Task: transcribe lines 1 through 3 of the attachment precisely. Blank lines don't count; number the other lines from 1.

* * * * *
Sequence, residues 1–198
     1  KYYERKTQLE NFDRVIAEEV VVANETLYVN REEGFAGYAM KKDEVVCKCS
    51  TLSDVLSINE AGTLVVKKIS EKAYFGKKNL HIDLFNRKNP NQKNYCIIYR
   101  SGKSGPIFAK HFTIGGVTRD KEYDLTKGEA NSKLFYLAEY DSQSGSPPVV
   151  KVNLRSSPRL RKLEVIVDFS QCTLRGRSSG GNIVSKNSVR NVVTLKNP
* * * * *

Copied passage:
Sequence, residues 1–198
     1  KYYERKTQLE NFDRVIAEEV VVANETLYVN REEGFAGYAM KKDEVVCKCS
    51  TLSDVLSINE AGTLVVKKIS EKAYFGKKNL HIDLFNRKNP NQKNYCIIYR